Scandinavian carrier SAS is to equip "at least" ten commercial aircraft, and ground vehicles, with automatic dependent surveillance-broadcast (ADS-B) systems in 1997, and plans to equip its new Boeing 737-600s in 1998.

The trials are part of the European-Commission-funded North European ADS-B Network programme, which has established a high-capacity two-way data-link-communications network in Denmark, Germany and Sweden. Situational awareness, free flight, fleet management, surveillance and global satellite-signal augmentation will be included in the study, as well as standards and certification issues.

A Fokker F28 became the first aircraft in the world to be equipped with ADS-B in January, since when more than 3,500 flights have been carried out with two F28s, with the system performing "-as we hoped it would", says SAS technical pilot Capt Lars Lindberg.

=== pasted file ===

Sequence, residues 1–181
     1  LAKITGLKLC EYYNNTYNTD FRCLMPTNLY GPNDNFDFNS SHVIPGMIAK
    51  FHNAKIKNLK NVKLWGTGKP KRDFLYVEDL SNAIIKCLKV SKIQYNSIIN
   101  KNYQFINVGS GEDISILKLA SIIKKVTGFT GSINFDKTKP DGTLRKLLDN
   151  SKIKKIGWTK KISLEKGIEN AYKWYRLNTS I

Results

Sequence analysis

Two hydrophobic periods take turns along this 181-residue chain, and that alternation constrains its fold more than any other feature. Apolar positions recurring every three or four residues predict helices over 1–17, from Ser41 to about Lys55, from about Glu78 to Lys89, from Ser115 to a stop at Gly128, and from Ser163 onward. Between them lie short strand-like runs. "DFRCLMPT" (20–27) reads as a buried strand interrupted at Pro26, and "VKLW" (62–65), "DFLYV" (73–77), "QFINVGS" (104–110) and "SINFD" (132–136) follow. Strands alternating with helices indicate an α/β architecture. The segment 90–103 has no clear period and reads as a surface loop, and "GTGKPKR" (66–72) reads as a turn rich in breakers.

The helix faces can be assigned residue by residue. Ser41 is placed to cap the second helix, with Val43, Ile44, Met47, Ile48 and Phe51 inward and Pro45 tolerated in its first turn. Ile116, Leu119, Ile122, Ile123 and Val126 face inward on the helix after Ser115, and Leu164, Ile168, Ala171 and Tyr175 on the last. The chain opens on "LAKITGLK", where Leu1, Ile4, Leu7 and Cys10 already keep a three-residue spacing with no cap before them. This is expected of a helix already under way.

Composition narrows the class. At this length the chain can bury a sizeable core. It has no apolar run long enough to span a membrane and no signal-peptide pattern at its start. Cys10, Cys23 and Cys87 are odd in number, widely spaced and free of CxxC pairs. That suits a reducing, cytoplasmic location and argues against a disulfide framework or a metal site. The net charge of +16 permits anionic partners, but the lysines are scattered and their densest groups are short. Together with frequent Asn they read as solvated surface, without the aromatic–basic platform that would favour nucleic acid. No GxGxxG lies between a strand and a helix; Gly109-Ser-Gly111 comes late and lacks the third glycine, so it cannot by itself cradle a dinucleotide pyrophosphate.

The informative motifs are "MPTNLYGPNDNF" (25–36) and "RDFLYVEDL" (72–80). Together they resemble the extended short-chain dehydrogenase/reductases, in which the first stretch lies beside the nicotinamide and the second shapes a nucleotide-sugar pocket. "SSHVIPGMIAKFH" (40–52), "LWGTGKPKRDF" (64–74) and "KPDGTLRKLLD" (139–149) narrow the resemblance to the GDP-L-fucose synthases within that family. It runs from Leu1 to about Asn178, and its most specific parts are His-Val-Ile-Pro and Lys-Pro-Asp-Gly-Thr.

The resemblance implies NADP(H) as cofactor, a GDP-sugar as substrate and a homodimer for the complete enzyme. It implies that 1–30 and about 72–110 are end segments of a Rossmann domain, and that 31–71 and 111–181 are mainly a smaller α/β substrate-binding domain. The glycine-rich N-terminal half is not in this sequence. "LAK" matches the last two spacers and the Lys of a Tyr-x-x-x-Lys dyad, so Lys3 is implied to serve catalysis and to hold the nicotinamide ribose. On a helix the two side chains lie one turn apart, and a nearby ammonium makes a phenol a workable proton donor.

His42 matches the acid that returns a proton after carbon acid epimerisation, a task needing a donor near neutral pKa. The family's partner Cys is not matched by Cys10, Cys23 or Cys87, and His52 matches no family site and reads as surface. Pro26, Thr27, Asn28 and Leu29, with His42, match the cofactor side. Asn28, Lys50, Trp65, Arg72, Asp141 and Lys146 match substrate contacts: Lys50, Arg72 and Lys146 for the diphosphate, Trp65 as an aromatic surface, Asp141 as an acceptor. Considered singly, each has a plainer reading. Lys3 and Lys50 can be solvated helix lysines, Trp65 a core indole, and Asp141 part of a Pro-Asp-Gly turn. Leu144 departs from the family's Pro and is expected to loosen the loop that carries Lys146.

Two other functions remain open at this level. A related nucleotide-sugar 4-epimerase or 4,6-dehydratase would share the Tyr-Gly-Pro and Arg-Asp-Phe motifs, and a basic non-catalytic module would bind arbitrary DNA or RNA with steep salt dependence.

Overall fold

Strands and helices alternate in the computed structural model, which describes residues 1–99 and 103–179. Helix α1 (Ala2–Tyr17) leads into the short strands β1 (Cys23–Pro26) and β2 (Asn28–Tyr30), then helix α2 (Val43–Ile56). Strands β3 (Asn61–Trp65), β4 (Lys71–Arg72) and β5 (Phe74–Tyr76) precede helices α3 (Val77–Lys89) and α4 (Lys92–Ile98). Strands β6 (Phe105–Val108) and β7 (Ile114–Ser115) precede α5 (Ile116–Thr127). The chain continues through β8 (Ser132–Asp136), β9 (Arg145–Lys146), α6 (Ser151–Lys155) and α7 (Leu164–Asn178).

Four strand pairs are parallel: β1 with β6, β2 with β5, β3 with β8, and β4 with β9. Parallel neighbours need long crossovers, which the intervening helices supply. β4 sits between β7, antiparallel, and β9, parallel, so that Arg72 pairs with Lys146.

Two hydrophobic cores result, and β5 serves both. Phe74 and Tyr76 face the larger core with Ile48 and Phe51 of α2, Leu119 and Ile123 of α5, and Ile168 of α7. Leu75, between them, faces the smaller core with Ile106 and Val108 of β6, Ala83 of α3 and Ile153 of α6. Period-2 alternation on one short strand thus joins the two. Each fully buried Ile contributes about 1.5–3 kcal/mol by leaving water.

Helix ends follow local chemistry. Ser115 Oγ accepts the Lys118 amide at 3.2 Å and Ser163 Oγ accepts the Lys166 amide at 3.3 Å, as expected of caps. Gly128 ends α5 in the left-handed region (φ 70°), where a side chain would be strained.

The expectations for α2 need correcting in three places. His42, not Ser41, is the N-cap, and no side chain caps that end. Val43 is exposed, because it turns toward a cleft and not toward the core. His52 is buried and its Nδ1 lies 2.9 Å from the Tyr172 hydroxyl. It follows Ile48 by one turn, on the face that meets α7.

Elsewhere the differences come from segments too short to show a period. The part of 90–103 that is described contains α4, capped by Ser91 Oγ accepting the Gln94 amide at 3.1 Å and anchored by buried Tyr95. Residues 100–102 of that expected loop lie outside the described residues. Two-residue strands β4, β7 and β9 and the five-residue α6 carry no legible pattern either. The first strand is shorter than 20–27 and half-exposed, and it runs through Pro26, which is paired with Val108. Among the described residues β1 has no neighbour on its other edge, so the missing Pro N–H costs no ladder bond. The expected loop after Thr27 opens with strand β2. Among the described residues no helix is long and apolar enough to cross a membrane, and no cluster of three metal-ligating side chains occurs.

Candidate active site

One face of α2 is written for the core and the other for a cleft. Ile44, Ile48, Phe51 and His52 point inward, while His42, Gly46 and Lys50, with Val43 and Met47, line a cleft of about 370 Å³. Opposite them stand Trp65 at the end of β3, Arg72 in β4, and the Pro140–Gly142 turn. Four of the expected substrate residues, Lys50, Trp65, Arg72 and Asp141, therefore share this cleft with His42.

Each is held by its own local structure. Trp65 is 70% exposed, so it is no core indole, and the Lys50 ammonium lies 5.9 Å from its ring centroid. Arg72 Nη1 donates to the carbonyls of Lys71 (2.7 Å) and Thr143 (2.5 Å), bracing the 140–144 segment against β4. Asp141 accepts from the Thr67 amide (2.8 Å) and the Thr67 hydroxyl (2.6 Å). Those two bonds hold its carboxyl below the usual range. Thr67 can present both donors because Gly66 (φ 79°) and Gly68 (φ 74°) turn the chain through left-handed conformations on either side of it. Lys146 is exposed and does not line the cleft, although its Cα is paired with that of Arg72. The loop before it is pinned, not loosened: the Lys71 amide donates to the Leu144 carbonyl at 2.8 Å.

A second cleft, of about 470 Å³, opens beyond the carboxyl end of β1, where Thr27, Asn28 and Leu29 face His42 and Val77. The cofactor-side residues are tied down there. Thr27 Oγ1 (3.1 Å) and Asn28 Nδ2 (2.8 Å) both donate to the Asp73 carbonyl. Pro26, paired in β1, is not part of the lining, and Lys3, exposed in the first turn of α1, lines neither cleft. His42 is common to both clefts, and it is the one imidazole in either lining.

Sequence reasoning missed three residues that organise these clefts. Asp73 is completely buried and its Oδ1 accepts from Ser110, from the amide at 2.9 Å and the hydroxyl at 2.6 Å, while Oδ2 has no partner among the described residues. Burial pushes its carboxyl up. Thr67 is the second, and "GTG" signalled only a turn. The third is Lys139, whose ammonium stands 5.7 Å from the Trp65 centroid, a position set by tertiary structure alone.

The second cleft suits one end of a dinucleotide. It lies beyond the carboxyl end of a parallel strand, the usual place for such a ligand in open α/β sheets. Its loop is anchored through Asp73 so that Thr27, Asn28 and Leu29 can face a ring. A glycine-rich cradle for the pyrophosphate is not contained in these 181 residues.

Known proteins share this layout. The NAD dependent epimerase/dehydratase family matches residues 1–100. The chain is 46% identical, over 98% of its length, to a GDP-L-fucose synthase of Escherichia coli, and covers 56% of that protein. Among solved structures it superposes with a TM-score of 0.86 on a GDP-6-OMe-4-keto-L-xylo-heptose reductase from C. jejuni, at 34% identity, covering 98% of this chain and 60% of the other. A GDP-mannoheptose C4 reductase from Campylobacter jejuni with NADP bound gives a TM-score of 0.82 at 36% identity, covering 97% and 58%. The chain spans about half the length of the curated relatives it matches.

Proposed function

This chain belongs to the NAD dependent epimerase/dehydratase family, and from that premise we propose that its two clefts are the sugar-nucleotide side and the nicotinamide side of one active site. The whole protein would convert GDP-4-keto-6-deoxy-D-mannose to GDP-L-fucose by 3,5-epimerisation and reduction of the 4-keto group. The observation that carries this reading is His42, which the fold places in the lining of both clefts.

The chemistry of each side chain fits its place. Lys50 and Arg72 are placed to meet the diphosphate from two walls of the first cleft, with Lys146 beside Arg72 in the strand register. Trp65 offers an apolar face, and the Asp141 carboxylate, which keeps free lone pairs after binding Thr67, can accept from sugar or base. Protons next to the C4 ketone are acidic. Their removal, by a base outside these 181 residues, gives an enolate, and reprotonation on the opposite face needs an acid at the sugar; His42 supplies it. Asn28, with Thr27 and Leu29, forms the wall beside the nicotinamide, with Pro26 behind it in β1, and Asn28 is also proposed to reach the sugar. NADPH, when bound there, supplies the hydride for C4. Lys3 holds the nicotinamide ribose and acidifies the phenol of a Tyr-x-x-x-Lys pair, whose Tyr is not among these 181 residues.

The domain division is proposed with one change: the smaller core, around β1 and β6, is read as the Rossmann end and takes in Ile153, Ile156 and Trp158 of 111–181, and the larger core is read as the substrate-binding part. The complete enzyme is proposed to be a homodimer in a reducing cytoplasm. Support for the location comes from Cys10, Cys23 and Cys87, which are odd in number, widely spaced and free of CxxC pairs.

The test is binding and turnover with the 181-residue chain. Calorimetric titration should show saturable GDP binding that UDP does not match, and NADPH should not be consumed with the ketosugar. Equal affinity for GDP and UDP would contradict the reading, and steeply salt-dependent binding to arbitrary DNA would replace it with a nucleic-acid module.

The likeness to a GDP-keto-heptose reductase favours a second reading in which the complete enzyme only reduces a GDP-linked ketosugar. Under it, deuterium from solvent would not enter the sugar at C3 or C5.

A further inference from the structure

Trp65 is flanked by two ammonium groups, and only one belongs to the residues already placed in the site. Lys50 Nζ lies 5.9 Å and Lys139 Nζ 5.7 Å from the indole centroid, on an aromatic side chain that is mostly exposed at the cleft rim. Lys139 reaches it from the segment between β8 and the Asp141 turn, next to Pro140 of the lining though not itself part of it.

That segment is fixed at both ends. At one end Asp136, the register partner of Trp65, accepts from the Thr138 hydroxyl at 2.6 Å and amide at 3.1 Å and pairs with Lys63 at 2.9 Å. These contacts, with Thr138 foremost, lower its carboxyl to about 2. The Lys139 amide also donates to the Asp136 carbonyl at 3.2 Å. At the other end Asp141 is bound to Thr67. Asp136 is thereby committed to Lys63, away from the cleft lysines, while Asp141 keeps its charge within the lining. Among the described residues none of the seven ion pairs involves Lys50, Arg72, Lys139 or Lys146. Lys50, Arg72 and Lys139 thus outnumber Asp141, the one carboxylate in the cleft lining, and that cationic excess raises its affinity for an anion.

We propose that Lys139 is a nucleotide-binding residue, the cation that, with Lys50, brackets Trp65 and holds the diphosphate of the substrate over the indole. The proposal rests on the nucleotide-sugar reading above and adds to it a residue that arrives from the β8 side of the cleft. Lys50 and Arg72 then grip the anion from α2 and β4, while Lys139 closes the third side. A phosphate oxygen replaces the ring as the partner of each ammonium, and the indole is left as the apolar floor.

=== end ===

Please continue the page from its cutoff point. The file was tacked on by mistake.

A live demonstration at the conference showed the ADS-B system in action. Linked through the Internet, the system was able to follow the F28's progress from take-off to landing, with ground-vehicle movements. A display of the ADS-B-derived information presented on the flight-deck was also shown.

A new flight-deck display has been developed and used on Saab 340s on internal revenue-earning flights from mid-1997, when the first differential global-navigation satellite system approach (into Angleholm) will be made.

Lindberg reveals that, in 1995, SAS lost more than SKr450 million ($68 million) in direct operating costs because of air-traffic-control-related delays. During the first four months of 1996, the carrier experienced a 143% increase in delays compared with the same period a year earlier.

Source: Flight International